I recommend visiting the large tourist information centre which will give you many ideas about what you can do in Broken Hill. There are very wide open spaces to enjoy the view and see emu and kangaroos. The spaces are so wide that from Mundi Mundi Plains, you can see the Earth’s curvature. There are also a lot of clubs and pubs which serve a variety of different types of foods at different price points. A historical walk around the town will take about two hours, with signage to tell you what’s what and who’s who. 

Many of the old pubs have been converted to “boutique accomodation” and there are plenty of motels so accommodation should not be too hard to come by. This time I stayed at the Ibis which was very comfortable and had a very good restaurant.

Despite being an outback mining town, Broken Hill has a very tolerant and diverse population. The movie Priscilla Queen of the Desert has made the town a Mecca for the LGBTQI+ community, and they are welcomed. One day I hope to get along to the Broken Heel Festival, which looks like great fun although the website is not updated with the 2023 details yet. There is also a music festival at Mundi Mundi.

You can head out to Silverton, where they made the first Mad Max movie or take a good look around the cemetery with some interesting people resting there.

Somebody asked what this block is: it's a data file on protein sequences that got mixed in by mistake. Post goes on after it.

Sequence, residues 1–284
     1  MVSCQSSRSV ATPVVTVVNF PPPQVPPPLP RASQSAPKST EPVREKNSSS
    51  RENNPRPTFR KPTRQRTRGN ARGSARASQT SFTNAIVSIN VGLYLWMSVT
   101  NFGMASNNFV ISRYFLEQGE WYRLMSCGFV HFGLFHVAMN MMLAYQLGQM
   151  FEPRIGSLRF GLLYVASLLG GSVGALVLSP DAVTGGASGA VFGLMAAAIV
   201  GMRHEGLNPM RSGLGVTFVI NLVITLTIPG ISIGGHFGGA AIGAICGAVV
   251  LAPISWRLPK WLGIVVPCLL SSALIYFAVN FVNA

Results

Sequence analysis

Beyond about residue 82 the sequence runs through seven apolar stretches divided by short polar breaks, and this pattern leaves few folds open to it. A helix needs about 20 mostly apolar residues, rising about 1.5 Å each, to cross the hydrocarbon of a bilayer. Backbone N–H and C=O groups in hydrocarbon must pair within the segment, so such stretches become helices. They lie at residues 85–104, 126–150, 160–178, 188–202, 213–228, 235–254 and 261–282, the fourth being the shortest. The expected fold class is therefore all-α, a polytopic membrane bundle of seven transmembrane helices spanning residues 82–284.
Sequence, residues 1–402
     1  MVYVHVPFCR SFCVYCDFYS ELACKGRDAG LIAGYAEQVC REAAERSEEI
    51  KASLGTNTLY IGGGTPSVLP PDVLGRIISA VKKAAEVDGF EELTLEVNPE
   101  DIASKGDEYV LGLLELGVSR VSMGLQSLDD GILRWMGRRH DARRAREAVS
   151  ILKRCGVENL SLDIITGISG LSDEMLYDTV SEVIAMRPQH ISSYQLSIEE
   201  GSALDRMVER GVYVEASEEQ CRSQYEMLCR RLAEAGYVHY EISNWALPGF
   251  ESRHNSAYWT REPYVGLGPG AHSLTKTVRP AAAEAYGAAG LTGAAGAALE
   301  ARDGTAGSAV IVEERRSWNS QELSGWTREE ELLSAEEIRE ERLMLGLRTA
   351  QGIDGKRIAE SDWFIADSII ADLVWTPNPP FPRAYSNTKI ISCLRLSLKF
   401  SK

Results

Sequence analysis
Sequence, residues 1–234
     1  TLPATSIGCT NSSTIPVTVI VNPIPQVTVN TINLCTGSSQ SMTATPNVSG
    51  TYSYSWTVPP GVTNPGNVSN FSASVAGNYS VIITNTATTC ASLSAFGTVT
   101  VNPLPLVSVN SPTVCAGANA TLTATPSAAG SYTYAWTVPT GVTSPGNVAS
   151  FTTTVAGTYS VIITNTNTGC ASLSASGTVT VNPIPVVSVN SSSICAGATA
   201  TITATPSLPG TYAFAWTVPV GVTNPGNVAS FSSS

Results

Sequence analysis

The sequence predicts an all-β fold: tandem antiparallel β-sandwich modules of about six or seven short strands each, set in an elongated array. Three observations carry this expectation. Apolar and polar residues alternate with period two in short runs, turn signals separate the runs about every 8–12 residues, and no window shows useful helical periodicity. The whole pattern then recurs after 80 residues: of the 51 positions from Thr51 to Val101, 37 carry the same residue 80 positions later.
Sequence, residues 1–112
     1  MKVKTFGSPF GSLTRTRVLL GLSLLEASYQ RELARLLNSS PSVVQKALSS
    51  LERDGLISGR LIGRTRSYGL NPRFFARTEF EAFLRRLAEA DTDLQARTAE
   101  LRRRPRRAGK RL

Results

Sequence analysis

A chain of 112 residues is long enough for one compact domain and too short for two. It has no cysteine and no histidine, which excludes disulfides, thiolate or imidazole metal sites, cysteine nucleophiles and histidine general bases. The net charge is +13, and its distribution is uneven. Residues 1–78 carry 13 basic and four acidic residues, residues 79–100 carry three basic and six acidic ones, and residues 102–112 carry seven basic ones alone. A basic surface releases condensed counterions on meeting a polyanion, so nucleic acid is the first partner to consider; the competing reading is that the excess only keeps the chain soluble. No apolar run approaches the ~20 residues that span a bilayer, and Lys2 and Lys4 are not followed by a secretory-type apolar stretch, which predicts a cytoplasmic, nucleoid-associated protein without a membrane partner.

Getting there…

Closer to Adelaide than Sydney, it will take you all day to drive the 1,141 km from Sydney and just under six hours from Adelaide. It is a two-hour flight from Sydney and an hour from Adelaide. If you’re a train enthusiast, there are two options. The very grand Indian Pacific passes through the Hill, or the take the more affordable weekly Outback Explorer. At $142 return vs several tanks of fuel at current prices, makes this a very enticing option!

However you get there, stay at least four days to settle in and unwind. And perhaps take the locals’ advice and don’t plan to be there in the peak of summer!

Facts and Figures about Broken Hill

Distance from Sydney: 1140 km

Population: 17,600 (2021)

Median Age: 44

House prices: Average price for a 3 bedroom family home is ~$170,000

(source: and

Broken Hill was and always will be the traditional land of its custodians the Wilyakali people.